There were stands for people to join various organisations and to book their pleasure flights that were being flown from Liverpool John Lennon Airport . I had ‘a butchers' at the stalls and spotted a book that looked interesting. It was a compilation of 3 books looking at ???? …….you've guessed it, Huey Gunships, Cobra's and the OH6A or Loach as it was called. I picked it up and the stall holder immediately handed me two other related books, one was the history of Dust Off. So Dust Off and the Gunship book were duly purchased. Pleased with my new acquisitions I headed back to the Huey (Phil later claimed that I ‘nabbed the books before he had a chance' but I strongly dispute this!). Phil and Brad were in the front seats and soon were looking at the gunship book. I had a closer look at Dust Off and the work of the Medivac crews. All the while the rain continued to fall outside. Undeterred there were plenty of people outside having a good look around the helicopter. They got the shock of their lives when they peered in through the windows to see us sat in it!! Thankfully around half an hour after it had started to rain it eased off and the sky began to clear.
We jumped outside and opened up the doors. What an affect that had. All of a sudden we were swamped with people. It was as if they had lain in waiting for their moment to pounce. We had a real laugh talking to those that came to admire 509; many soaked to the skin in their shorts and t-shirts but they were soon to dry out as the temperature rose and the sun shone.  It was at this point that everyone gathered around on the old apron were treated to a flying display by the BBMF's Dakota. Unfortunately it was the only aircraft of the BBMF to have made it to Liverpool . The Lancaster , Hurricane and Spitfire were unable to make the trip. As nice as the weather was there was a change in the sky to the north west of us and we decided that we had better make a move to prepare 509 to fly.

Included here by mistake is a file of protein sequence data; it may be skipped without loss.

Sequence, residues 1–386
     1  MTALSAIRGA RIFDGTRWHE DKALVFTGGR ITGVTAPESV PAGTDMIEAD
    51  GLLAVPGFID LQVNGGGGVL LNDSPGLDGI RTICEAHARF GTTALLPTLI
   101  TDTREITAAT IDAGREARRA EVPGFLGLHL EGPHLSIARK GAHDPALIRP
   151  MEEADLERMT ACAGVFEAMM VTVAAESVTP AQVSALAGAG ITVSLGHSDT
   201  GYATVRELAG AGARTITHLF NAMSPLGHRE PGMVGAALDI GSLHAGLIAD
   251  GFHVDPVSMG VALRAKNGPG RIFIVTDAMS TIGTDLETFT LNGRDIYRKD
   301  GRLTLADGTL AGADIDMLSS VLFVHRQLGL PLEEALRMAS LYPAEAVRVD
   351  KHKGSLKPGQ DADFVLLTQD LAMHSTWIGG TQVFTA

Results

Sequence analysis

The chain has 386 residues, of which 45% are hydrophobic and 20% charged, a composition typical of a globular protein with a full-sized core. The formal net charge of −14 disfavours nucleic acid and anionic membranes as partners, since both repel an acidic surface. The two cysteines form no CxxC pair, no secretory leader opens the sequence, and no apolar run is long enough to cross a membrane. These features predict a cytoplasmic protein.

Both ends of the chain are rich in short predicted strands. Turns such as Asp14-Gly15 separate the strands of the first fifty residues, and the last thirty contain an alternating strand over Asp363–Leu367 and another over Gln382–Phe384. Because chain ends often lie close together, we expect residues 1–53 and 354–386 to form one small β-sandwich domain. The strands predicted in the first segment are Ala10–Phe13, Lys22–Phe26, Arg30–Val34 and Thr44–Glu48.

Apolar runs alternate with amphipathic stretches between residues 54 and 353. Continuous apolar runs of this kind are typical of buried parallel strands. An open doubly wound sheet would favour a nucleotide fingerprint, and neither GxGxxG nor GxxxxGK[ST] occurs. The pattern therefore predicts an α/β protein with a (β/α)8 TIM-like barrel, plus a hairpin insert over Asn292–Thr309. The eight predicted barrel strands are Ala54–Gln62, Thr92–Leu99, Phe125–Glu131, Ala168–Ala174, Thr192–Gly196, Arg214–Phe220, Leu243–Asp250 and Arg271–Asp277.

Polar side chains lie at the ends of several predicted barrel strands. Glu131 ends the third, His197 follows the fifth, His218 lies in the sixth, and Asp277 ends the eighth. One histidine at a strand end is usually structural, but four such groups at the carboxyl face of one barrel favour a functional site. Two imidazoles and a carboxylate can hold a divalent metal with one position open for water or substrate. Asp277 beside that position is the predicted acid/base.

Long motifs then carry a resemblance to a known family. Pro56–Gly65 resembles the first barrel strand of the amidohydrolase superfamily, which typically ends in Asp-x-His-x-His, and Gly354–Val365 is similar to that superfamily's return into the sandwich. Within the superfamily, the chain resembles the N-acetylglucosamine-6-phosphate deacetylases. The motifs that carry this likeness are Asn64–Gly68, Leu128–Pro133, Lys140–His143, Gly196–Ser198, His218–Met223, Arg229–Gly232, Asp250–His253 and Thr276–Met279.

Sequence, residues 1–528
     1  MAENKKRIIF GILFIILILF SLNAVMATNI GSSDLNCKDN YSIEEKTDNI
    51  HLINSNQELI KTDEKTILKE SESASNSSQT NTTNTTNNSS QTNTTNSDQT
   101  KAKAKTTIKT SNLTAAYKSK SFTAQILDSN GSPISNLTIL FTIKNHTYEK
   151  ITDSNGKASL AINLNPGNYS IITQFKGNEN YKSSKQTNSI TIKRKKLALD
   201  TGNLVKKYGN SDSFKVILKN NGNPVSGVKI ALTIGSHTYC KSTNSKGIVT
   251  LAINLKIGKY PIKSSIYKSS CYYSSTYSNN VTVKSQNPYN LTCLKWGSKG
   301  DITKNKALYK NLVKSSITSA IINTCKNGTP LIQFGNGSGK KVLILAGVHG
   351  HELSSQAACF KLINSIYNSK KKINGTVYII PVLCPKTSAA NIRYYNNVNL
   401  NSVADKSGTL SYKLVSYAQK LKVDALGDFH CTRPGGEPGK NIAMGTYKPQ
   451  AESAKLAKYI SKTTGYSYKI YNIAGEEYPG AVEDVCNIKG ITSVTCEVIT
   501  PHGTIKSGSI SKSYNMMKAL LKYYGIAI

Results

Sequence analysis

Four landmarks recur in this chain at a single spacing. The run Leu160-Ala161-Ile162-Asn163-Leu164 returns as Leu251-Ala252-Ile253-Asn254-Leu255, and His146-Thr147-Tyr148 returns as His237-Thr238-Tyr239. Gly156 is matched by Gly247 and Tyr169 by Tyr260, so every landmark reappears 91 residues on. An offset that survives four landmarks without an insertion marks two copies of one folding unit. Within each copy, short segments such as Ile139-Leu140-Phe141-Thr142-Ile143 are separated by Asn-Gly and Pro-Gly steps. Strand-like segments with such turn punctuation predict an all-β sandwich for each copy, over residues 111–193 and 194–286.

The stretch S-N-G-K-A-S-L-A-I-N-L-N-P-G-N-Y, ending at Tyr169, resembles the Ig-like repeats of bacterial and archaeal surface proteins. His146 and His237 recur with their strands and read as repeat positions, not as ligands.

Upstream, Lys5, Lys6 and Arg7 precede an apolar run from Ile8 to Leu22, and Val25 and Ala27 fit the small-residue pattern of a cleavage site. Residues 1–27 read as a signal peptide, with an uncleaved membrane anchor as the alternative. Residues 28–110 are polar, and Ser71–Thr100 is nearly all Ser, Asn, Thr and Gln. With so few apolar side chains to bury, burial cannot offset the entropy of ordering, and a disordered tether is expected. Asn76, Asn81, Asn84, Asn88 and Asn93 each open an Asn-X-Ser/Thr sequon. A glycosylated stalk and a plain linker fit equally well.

Phil called Neil Airey who was on duty with the NWAA and he provided the latest on the weather. It seemed like the right time to make a move. We took the .50 cals off and strapped them down in the cabin along with anything else we didn't need. The Marshalls moved the crowds back and the rotors were untied. The engine spooled up and Bradley did the honours with the walk around and hopped in the back and strapped himself in. We left Speke at 3:30 p.m. and the flight was against a head wind which slowed us down somewhat. Between Woodvale and Southport we hit a spot of rain but we were soon through it. Across the Estuary and we were on our approach to Blackpool Airport . There was a slight delay in getting to Helipad 3 as there was a lot of light aircraft movement. We could physically see the fuel gauge dropping as Phil kept 509 in the hover. Eventually he popped it on the ground as we had been hovering for so long and we got the call to cross the field and to put her down on Number Three.

We had asked for fuel so we topped up the tanks before putting 509 back in the hangar for safe keeping. It all sounds so straight forward but waiting for this and that happen took nearly another two hours until we could walk out of the hangar.

And so, the end to another good day in which many got a chance to get even closer than normal to 509.